AR: Plumlee's chances of getting drafted or making an NBA roster next year are almost zero, but the 7-footer could eventually work his way up through the NBA Summer League and D-League like former teammate Seth Curry has with the Sacramento Kings. Plumlee has tried to showcase his ball handling and jump shot since leaving Duke, but will likely have to show he can be an offensive threat in the D-League before an NBA team takes a chance on the Warsaw, Ind., native. The good news for Plumlee is that older brothers Mason and Miles were also not considered exceptional pro prospects and have both carved out stable NBA roles since leaving Durham.

BP: Plumlee doesn’t possess a lot of NBA upside in terms of raw talent or tools he could further refine, so I find it hard to see a team using a draft pick on him this week. Quinn Cook found himself in a similar situation last year—coming off a strong senior year, but without the traditional NBA skillset—and despite being named the D-League’s Rookie of the Year, he never made it up with the Cavaliers. I’d have to imagine Plumlee will be forced to go a similar route if he wants to become the third Plumlee brother in the NBA.

SP: The thing Marshall Plumlee has going for him could be the breakout season his brother Mason had for the Trail Blazers this season. That being said, Marshall Plumlee's lack of post moves and propensity to hang in the paint will likely dissuade teams from spending a draft pick on him. Perhaps Plumlee's biggest weakness could be his inability to stay with guards when switching on the pick and roll—a skill that has become highly valued after watching this year's NBA Finals. With all this in mind, it's likely that the big man's only avenue to the NBA is as an undrafted free agent.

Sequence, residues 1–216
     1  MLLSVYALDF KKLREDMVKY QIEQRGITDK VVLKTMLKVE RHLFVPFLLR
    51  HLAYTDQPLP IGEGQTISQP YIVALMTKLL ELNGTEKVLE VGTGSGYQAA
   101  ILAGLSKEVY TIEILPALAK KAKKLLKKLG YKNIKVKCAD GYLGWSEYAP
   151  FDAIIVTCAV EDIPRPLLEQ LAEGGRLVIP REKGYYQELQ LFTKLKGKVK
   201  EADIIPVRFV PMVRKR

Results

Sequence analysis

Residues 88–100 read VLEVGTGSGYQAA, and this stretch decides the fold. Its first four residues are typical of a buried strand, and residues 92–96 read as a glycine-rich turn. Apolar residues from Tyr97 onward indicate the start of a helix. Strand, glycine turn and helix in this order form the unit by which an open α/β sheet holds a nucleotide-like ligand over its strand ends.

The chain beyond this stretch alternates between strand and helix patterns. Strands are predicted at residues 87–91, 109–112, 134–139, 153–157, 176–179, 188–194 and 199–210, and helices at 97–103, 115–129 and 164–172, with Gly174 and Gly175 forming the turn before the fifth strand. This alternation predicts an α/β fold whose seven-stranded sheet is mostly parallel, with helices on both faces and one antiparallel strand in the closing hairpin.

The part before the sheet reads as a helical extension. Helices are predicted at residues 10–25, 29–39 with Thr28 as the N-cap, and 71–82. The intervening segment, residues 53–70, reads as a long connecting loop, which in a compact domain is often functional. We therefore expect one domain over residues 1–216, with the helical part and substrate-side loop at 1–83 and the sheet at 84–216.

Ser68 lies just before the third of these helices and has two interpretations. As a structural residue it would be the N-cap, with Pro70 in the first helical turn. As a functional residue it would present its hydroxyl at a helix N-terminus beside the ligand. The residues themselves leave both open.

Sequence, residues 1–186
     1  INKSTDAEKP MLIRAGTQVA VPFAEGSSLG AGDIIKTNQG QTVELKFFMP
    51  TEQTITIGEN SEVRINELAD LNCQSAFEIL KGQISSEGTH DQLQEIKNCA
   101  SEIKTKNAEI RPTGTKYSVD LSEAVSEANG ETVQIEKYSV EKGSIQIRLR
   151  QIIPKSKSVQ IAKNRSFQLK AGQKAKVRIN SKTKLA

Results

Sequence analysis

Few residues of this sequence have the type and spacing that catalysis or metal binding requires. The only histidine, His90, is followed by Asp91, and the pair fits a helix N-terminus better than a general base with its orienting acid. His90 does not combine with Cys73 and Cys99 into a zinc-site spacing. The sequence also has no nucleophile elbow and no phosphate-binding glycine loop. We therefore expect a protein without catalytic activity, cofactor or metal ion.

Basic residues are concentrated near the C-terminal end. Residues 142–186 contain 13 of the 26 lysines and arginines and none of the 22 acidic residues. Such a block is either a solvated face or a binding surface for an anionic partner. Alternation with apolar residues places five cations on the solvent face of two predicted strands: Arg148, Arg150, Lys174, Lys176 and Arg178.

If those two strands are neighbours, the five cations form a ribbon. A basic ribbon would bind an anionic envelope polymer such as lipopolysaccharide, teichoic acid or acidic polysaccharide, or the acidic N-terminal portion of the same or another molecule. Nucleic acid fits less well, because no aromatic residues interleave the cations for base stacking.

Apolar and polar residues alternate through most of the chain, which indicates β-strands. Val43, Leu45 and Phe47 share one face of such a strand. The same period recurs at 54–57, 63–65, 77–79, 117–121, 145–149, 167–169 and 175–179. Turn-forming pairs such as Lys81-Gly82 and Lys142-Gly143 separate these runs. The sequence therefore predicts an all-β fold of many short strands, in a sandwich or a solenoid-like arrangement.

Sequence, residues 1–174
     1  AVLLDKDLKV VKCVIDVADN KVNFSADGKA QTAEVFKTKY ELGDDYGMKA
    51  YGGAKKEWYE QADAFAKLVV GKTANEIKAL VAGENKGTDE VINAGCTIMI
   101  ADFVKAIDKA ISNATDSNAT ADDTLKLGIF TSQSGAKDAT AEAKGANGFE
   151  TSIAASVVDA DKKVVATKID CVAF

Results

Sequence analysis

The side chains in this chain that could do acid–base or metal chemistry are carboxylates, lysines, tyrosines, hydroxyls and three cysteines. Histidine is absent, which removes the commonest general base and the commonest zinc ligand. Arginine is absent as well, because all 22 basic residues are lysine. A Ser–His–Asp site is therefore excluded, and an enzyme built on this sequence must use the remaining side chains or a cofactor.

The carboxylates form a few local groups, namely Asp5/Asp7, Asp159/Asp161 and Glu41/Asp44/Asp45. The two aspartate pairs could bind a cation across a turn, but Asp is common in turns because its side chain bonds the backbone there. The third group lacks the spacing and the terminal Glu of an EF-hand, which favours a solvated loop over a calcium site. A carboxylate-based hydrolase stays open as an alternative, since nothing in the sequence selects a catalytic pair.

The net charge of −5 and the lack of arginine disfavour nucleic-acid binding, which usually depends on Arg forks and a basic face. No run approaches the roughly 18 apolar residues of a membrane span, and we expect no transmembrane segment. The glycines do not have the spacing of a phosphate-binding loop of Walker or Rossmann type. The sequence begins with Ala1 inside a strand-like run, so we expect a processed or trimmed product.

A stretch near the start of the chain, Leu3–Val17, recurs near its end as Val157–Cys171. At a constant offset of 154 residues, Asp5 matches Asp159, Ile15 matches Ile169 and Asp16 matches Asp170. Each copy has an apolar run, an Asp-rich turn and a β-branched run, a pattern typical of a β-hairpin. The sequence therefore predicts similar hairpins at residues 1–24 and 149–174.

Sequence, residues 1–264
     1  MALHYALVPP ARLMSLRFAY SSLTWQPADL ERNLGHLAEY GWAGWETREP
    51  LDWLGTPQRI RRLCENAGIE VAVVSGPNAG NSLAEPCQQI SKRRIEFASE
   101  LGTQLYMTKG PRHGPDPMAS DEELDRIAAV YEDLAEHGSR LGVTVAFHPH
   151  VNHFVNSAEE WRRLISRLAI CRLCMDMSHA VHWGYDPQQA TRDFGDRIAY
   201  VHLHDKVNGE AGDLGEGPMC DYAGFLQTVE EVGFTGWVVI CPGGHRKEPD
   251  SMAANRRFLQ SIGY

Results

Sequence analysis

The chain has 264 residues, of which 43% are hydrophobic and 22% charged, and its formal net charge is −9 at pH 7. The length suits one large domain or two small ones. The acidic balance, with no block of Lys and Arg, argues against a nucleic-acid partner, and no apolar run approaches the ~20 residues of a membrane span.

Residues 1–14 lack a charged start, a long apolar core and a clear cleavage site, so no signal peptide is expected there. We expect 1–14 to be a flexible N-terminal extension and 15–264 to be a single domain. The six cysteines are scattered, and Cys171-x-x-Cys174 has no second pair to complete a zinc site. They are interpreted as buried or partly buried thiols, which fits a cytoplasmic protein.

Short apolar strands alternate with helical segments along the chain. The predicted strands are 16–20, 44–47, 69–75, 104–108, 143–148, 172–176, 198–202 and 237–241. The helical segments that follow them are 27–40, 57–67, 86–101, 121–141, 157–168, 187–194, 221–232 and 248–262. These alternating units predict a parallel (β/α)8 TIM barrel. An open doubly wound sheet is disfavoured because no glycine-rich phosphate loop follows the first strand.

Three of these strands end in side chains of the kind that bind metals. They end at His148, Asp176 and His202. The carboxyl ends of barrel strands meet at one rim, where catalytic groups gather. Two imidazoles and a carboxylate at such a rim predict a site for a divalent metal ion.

ST: Although he improved during his senior year, increasing his scoring output to 8.3 points per game, I don’t see Marshall Plumlee being drafted or making an NBA roster. Unlike his brothers Mason and Miles, Plumlee has not displayed enough athleticism to make up for his limited offensive game. However, there is a chance that he could attract attention from NBA teams if he is successful in the D-League.

HT: Plumlee is seven feet tall and can jump fairly well, which might be good enough for a team to take a flier on him and invite him to training camp. But he is not as mobile as he needs to be play in the NBA right now, and he would have a hard time staying in front of other pro centers on defense without fouling. Much of his offense last year at Duke came when a teammate drew the defense away with a strong drive into the paint and he could receive a pass right next to the basket and throw down a powerful dunk against a weaker defender. That won’t work as well in the NBA, where most of Plumlee’s opponents would be as strong as him, and he will have to learn to score in other ways if he has aspirations of playing at the highest level.